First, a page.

Yossi Goldin
Yossi Goldin

Parenting from the Parsha: Parshat Chukat — the perils of anger

One of the most perplexing stories in the Torah is the story of Moshe hitting the rock. Shortly after the death of Miriam, the Torah relates that Am Yisrael once again complains over a lack of water. Hashem commands Moshe and Aharon to take the staff, gather the nation, and speak to a rock in order to bring forth water. Moshe takes the staff, gathers the nation, admonishes them for their actions, and strikes the rock twice, after which water pours out for the nation. Immediately afterwards, G-d informs Moshe and Aharon that, since they “did not believe in Me and sanctify Me in the eyes of the Children of Israel”, they will not be privileged to lead the nation into Eretz Yisrael.

The meforshim struggle to understand the exact nature and severity of Moshe’s sin. While Moshe clearly disobeyed Hashem by hitting the rock instead of speaking to it, why was this was so problematic — to the extent that G-d refers to it as a “lack of belief in Him”, and decrees that, as a result of this very act, Moshe and Aharon will not be able to lead Am Yisrael into Eretz Yisrael?

The Rambam, in his sefer Shemona Perakim, suggests a novel interpretation to this entire episode. He explains that Moshe’s hitting of the rock was not the root sin, but rather a symptom of a greater transgression on Moshe’s part- his loss of temper and his movement to anger. Quoting the opening reprimand that Moshe delivers to the people before hitting the rock, “Listen here, you rebels”, the Rambam notes that Moshe failed to maintain the proper emotional equilibrium required of a Jewish leader as the ultimate role model for the people. In addition, the Rambam posits, Moshe’s sin was exacerbated because Am Yisrael saw him as a representative of Hashem. They therefore interpreted Moshe’s anger as symbolic of G-d’s anger towards them — which in this instance was incorrect, as there is no indication in the text that Hashem was angry at Am Yisrael for their complaints in this case. By setting a bad personal example and by misrepresenting G-d’s feelings to the nation, Moshe caused the profanation of G-d’s name — and was therefore punished with HaShem’s refusal to allow him to lead the people into Eretz Yisrael.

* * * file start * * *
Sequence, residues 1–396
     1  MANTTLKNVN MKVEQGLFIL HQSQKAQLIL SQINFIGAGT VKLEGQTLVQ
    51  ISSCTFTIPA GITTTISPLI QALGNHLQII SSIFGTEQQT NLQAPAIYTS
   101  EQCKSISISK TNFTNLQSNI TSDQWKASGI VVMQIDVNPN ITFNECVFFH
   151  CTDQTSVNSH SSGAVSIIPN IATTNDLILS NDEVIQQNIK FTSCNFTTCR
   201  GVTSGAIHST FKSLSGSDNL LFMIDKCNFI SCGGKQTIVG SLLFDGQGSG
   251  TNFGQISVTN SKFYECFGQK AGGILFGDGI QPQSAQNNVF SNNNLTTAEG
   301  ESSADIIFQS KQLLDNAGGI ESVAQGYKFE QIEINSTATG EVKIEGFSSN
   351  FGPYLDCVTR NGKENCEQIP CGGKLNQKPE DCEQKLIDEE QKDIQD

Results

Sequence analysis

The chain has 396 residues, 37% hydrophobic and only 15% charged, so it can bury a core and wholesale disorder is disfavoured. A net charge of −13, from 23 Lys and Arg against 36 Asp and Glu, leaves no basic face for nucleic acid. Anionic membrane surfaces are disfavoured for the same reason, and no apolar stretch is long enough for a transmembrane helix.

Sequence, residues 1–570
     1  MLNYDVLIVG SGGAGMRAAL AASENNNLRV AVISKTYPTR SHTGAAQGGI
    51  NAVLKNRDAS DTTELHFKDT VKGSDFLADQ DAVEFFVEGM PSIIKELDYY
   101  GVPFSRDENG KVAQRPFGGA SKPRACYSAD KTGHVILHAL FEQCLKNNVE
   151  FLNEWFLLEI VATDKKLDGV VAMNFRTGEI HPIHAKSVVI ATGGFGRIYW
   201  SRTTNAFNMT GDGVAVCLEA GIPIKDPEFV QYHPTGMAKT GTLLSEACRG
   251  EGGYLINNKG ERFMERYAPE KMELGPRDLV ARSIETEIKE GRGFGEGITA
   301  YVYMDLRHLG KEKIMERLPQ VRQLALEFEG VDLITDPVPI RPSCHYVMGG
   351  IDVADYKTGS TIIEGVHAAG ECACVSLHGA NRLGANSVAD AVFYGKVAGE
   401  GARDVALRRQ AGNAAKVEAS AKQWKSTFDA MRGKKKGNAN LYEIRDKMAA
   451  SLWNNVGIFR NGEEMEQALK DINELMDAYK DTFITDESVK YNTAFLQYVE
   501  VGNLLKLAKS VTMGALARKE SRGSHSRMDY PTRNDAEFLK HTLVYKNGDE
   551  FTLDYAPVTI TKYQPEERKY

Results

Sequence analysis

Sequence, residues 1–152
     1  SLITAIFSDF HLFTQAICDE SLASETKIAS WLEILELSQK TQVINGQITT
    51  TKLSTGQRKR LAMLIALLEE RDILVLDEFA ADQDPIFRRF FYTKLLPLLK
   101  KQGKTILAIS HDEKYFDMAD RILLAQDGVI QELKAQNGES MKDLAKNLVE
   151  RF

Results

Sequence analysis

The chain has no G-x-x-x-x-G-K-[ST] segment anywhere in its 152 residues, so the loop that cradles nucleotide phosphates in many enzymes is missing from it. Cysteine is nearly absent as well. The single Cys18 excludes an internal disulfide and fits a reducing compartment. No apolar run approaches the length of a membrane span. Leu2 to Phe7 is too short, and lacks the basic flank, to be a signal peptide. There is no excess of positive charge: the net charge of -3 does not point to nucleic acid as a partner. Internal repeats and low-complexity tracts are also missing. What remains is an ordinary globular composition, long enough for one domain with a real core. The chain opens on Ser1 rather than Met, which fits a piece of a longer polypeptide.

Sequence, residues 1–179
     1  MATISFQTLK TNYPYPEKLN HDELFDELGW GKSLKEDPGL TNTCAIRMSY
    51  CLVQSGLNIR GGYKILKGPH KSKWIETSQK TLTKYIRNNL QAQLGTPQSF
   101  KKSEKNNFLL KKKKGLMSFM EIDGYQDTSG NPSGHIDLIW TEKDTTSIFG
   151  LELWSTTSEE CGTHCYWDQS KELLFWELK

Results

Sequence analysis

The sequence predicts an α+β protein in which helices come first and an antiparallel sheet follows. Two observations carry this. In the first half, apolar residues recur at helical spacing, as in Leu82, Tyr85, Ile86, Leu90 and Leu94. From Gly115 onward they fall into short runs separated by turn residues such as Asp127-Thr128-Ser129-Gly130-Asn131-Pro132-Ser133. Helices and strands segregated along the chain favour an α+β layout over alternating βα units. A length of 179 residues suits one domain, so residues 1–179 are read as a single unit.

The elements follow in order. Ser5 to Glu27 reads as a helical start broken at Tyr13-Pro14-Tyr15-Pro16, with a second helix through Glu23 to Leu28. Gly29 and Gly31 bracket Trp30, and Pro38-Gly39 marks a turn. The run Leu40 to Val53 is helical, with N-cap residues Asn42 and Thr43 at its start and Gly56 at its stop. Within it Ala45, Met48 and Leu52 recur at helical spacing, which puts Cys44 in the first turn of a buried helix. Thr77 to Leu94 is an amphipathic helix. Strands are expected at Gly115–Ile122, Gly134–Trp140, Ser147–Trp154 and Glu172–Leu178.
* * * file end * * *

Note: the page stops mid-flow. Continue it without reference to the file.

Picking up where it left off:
In his Mishna Torah Hilchos Deos 2:3, the Rambam goes even further in his discussion regarding the perils of anger. After outlining his famous rule regarding character traits to always follow the middle path, known as the “golden mean”; the Rambam adds that there are two character traits that are exceptions to the rule- traits which a person should try to rid himself of completely — haughtiness and anger. A person should strive to never be angered even by things which could cause justifiable anger. Even in situations where anger seems necessary for purposes of chinuch or communal leadership, one should only appear angry in order to accomplish the desired goal, but not feel anger in his heart. Anger is such a damaging and dangerous trait, the Rambam maintains, that one should strive to purge himself of it entirely.

We can take the Rambam’s ideas one step further and use them to explain a number of other details of this story. Perhaps we can suggest that Moshe’s anger causes, not only his verbal reaction to the nation, but also his hitting of the rock, itself. One of the byproducts of a loss of temper is that an individual loses control of himself, resulting in unintended statements and actions. Perhaps, in his frustration, Moshe lost control of his actions, and hit the rock instead of speaking to it, as G-d had commanded.  Based on this understanding, we can also suggest that G-d’s reaction to Moshe’s action was more a recognition of reality than a punishment. Once Moshe lost his temper and allowed his anger to overcome him in such a public fashion, G-d concluded that he was no longer fit to bring the nation into Eretz Yisrael. The leader who would bring the people into the promised land had to able contain his emotions, particularly in the public arena — and Moshe, at this point in his career, appeared unable to do so.